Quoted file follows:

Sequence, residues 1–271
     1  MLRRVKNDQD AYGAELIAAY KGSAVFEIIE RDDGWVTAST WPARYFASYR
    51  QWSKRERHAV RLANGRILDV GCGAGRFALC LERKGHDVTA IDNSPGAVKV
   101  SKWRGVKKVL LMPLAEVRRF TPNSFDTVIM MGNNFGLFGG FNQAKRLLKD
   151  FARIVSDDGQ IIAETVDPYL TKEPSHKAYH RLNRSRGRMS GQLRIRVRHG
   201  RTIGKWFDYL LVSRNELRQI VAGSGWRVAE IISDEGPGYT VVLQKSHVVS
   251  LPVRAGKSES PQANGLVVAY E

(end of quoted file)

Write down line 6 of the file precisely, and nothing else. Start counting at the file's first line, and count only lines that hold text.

   201  RTIGKWFDYL LVSRNELRQI VAGSGWRVAE IISDEGPGYT VVLQKSHVVS